And yes, that's a non-electrical treadle sewing machine, currently in use. My grandmothers both had a sewing machine like that. They're still in use in Sri Lanka – and likely other countries, too – because not everyone has electricity, not everyone can afford the required electrical bills to use an electric sewing machine, and if they're relying on sewing to earn their living, a day without electricity – which can and does happen – would seriously damage a tailor's income.
There are little hole-in-the-wall tailor shops all over the place. Some have electric sewing machines, some don't. And, well, technically, in Sri Lanka (so I’m told) tailors are men sewing for men while seamstresses are women who sew for women. Meh. I use the term tailor for both. 🙂
4 thoughts on “A tailor shop in Colombo, Sri Lanka”
We have them here, too. I have a picture of a man set up in a cubby on a corner, using one to repair shoes, if you can believe it.
I believe it. Although in Sri Lanka, I think they mainly repair shoes by hand, whether stitching or gluing. I could be wrong, of course, but that’s what I’ve seen thus far. 🙂
My Mother in law has a machine like that. She was using it for home sewing and clothing repairs but she had issues because any thread that wasn’t pure cotton got all tangled up and broke. The machine wasn’t able to handle poly cotton thread or thin fabrics. So she ended up getting a new electric machine but kept the antique one too.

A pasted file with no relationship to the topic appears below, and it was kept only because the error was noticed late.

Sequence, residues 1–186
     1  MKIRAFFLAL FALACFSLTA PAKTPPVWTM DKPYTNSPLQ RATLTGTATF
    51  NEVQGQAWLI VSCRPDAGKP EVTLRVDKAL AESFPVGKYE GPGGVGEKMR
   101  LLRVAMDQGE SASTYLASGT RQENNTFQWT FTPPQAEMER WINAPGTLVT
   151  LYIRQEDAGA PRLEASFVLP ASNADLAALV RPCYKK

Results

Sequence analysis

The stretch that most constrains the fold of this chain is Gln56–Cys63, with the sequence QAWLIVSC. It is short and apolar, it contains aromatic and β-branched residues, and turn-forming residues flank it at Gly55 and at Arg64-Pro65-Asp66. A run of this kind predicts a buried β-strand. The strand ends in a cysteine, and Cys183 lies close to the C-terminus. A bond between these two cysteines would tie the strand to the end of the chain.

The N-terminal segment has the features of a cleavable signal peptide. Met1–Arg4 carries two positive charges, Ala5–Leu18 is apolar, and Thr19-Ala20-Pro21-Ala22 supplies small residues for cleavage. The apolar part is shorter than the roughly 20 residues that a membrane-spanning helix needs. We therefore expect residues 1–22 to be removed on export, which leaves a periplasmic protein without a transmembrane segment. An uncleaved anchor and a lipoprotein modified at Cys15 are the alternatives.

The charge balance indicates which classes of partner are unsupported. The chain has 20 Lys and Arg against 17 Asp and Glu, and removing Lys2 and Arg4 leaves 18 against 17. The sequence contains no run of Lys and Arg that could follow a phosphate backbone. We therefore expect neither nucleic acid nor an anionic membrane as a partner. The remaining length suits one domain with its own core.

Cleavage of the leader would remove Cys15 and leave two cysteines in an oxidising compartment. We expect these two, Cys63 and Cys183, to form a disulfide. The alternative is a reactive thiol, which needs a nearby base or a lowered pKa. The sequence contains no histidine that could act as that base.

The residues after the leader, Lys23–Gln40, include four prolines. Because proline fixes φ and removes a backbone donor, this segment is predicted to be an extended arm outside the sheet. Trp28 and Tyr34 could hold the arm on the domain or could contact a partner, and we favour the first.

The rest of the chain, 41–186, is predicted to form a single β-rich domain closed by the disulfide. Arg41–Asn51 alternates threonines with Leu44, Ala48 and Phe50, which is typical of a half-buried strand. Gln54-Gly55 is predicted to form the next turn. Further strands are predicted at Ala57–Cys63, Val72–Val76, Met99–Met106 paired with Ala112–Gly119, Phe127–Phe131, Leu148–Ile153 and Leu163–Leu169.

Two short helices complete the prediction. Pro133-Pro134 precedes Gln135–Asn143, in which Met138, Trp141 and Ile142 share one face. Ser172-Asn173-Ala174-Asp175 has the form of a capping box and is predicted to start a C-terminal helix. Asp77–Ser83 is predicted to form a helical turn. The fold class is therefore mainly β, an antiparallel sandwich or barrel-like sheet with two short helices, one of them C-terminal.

Do they use only natural fabrics in Sri Lanka?
No, polyesters and acrylics and such are quite widely used in Sri Lanka. But in Sri Lanka, terminology isn’t at all clear…
Fabric content isn’t labelled, so if you specifically want a 100% cotton fabric, then you have to know yourself how to identify it by feel and such (you can use a flame and ash test, which is quite accurate) – shop clerks don’t know how. As far as they’re concerned, cotton refers to a type of weave and finish, as does silk. It does not refer to the type of fiber.
100% cotton fabrics, or silk, for that matter, are in the minority. Even broadcloth is frequently a polyester or a cotton poly blend. I and my sister can identify them because that’s just how we were raised, and we specifically look for all-natural fabrics because that’s our preference. Other people, not so much.
I wish all-natural fabrics were more readily found and/or identifiable there.